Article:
- Page 1 Huawei P20
- Page 2 Battery Life and Verdict
- Page 3 Performance and Camera
- Page 4 Screen and Software
- Fantastic dual-camera
- 128GB of storage
- Solid performance
- Stunning design
- EMUI interface has come a long way
- No 3.5mm headphone port
- LCD display rather than OLED
- No Qi charging
- Lack of water-resistace
- 5.8-inch FHD+ LCD screen
- 3400mAh battery, USB-C
- 12-megapixel colour and 20-megapixel monochrome camera
- 24-megapixel selfie camera
- 1.55um pixel size
- Kirin 970
- 4GB RAM, 64/128GB storage
What is the Huawei P20?
Whilst the new flagship Huawei P20 might not boast the tri-camera setup sported by the larger Huawei P20 Pro, it sits above the P20 Lite as the most balanced member of the family, if you’re looking at price versus performance. Think of it as Huawei’s equivalent iPhone 8 in relation to the iPhone X.
With a 5.8-inch FullView display, a powerful Kirin 970 processor and 128GB of internal storage, the P20 is no slouch by anybody’s standards. Less RAM, an LCD panel in place of an OLED and one fewer camera sensors compared to the P20 Pro might be a sting for some, but it’s still an unmistakeably impressive bit of kit.
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Huawei P20 – Design
The Huawei P20 sports a near-identical design to the Huawei P20 Pro, but with one main difference: the former has a dual-camera setup, while the latter is armed with the firm’s all-new tri-camera configuration. Both were co-engineered by German optics titan Leica, however.
The P20 is also smaller, in part because of its 5.8-inch FullView LCD screen. The P20 Pro, for comparison, features a 6.1-inch FullView OLED screen. Don’t get too excited, though: it still features a cut-out – dubbed a ‘notch’ – at the top, used to house vital components such as the 24-megapixel selfie shooter.
Just like the standard P20, there’s a capacitive Home button enclosed in the small lip at the bottom of the screen, which can double as a fingerprint reader if you’re not a fan of face-recognition – although note that the two methods of authentication can be used in unison.
Nevertheless, locating the Home button beneath the screen, where a set of customisable on-screen navigation keys reside, is a bad decision. This is because, as I noted in my review of the P20 Pro, I often found myself hitting the capacitive and Home button at the same time, consequently launching Google Assistant.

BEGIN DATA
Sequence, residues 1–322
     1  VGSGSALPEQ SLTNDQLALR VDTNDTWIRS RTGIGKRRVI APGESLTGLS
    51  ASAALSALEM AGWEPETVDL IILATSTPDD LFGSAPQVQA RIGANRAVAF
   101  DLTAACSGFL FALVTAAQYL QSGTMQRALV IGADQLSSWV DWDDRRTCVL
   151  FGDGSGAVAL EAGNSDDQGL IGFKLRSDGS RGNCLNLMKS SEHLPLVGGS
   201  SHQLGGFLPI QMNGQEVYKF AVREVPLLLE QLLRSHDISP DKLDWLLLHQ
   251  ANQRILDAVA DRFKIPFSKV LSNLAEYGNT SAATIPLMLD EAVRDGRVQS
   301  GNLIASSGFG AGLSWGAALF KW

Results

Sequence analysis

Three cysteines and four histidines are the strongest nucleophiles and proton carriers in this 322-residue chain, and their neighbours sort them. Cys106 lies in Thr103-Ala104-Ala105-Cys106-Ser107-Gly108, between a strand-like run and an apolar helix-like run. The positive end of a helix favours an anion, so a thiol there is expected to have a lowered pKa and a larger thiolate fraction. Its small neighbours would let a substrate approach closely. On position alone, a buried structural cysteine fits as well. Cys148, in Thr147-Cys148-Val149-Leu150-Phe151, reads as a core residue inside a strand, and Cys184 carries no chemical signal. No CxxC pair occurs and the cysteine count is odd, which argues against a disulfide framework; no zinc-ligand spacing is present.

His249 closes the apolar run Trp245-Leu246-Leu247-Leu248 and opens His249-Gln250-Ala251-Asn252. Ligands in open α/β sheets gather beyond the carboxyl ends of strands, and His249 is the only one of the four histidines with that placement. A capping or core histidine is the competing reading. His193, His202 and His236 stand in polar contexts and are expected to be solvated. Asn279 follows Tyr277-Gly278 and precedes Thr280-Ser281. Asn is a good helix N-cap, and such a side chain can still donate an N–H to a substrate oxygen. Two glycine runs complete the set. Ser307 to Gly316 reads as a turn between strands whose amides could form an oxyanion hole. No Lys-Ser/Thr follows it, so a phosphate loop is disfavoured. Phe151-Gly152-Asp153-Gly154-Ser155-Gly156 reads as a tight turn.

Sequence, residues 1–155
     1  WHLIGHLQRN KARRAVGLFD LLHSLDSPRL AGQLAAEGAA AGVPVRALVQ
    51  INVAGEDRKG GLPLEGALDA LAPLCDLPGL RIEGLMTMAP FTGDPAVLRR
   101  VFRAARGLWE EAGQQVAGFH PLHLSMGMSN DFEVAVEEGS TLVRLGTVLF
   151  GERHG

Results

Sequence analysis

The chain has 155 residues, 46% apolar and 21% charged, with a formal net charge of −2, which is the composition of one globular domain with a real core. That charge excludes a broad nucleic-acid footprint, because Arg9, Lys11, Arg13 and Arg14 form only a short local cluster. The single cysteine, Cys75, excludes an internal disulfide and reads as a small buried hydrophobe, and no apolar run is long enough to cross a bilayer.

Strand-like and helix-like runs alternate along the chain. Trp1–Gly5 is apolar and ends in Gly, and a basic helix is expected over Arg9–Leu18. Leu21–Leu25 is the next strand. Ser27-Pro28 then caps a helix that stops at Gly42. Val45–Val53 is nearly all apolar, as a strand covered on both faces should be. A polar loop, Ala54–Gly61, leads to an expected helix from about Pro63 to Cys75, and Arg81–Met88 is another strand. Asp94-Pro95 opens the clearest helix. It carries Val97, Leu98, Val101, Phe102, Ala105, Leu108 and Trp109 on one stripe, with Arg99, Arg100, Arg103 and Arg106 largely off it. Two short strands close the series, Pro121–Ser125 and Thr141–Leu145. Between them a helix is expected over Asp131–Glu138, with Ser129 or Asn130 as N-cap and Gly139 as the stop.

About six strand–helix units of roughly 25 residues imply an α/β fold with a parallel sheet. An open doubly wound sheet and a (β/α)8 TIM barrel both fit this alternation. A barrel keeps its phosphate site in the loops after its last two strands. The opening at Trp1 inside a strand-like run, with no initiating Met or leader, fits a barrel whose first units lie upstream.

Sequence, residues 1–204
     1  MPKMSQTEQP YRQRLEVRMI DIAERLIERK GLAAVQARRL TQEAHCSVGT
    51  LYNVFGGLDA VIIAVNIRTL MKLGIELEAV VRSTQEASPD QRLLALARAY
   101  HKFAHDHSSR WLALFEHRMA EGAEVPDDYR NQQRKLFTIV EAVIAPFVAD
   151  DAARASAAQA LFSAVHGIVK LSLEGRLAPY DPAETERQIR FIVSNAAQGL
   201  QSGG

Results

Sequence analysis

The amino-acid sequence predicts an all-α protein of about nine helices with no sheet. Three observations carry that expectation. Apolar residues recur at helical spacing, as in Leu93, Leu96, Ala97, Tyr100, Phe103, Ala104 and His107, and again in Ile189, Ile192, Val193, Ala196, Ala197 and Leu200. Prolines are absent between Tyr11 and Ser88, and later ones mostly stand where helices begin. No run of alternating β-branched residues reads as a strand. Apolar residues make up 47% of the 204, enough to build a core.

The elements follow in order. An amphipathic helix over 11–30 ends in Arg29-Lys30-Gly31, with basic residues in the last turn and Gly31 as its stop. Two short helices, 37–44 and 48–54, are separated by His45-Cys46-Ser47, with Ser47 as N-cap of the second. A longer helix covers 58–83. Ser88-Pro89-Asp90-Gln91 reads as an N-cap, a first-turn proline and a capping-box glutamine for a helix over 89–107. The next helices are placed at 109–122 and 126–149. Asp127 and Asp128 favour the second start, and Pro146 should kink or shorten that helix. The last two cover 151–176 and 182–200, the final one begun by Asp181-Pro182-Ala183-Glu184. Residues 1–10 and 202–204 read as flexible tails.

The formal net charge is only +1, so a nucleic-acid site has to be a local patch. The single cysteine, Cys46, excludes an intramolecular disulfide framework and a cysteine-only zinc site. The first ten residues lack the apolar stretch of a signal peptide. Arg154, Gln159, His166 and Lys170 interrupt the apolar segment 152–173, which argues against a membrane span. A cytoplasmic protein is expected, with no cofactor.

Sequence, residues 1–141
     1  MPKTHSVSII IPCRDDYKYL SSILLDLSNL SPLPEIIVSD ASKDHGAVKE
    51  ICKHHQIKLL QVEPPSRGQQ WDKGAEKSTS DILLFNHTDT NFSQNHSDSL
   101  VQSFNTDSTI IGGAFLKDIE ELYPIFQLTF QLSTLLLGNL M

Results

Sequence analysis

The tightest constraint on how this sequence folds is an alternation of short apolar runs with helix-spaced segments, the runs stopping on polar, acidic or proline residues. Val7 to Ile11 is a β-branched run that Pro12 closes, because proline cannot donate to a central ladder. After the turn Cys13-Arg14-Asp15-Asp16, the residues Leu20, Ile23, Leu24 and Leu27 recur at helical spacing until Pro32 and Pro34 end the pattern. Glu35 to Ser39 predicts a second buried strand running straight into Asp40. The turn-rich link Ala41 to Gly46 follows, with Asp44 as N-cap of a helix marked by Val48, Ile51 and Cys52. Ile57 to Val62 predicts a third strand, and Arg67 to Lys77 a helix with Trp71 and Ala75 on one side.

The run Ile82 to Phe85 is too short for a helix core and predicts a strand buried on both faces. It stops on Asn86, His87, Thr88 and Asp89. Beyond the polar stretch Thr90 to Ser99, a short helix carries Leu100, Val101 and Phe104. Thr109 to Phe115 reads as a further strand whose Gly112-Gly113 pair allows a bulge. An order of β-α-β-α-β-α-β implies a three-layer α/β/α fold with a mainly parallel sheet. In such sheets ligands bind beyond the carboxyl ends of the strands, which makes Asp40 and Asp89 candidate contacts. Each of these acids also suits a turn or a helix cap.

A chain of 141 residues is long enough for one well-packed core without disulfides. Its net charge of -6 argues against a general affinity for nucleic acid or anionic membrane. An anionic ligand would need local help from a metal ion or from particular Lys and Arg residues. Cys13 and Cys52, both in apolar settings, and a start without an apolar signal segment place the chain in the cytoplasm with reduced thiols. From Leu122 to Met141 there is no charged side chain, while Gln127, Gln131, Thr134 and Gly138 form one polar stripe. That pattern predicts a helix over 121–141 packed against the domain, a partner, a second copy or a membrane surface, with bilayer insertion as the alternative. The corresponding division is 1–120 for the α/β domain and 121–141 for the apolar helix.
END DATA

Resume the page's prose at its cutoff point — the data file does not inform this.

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There’s a single loudspeaker along the bottom, situated to the left of the USB-C slot. It sounds fantastic, delivering clear and rich audio, even when the volume is cranked to the maximum. I did find myself covering the speaker when holding the unit with one hand, however, thus rendering the otherwise clear audio inaudible.
The volume rocker and power button, which are both constructed from what I can only describe as cheap plastic, can be found on the right side of the handset’s frame. As is the case with the P20 Pro, tapping either of the keys not only feels unsatisfying compared to those on the iPhone X and Galaxy S9 but also sounds substandard.
Otherwise, build quality is on par with the P20 Pro, in the sense that it’s the best I’ve seen on a high-end smartphone to date. It’s constructed from a mixture of Gorilla Glass and aluminium, with the former taking up the front and rear of the unit, and the latter making up the durable frame that holds everything in place.
Best Huawei P20 Deals
Loads of data and nothing to pay upfront make this a great choice. EE also gives you 6 months Apple Music and 3 months BT Sport, too.
Same deal as above but with a Huawei P20 in an eye-catching pink finish.
Plenty of data and a low upfront cost make this a stellar deal.
The Huawei P20 took a short tumble off a bedside counter onto hardwood flooring around a week in with the device (sorry, Huawei!), but it escaped unscathed. I can certainly say with a degree of confidence that the metal-and-glass build also ensures adequate protection against the odd knock, bump, scrape and drop.
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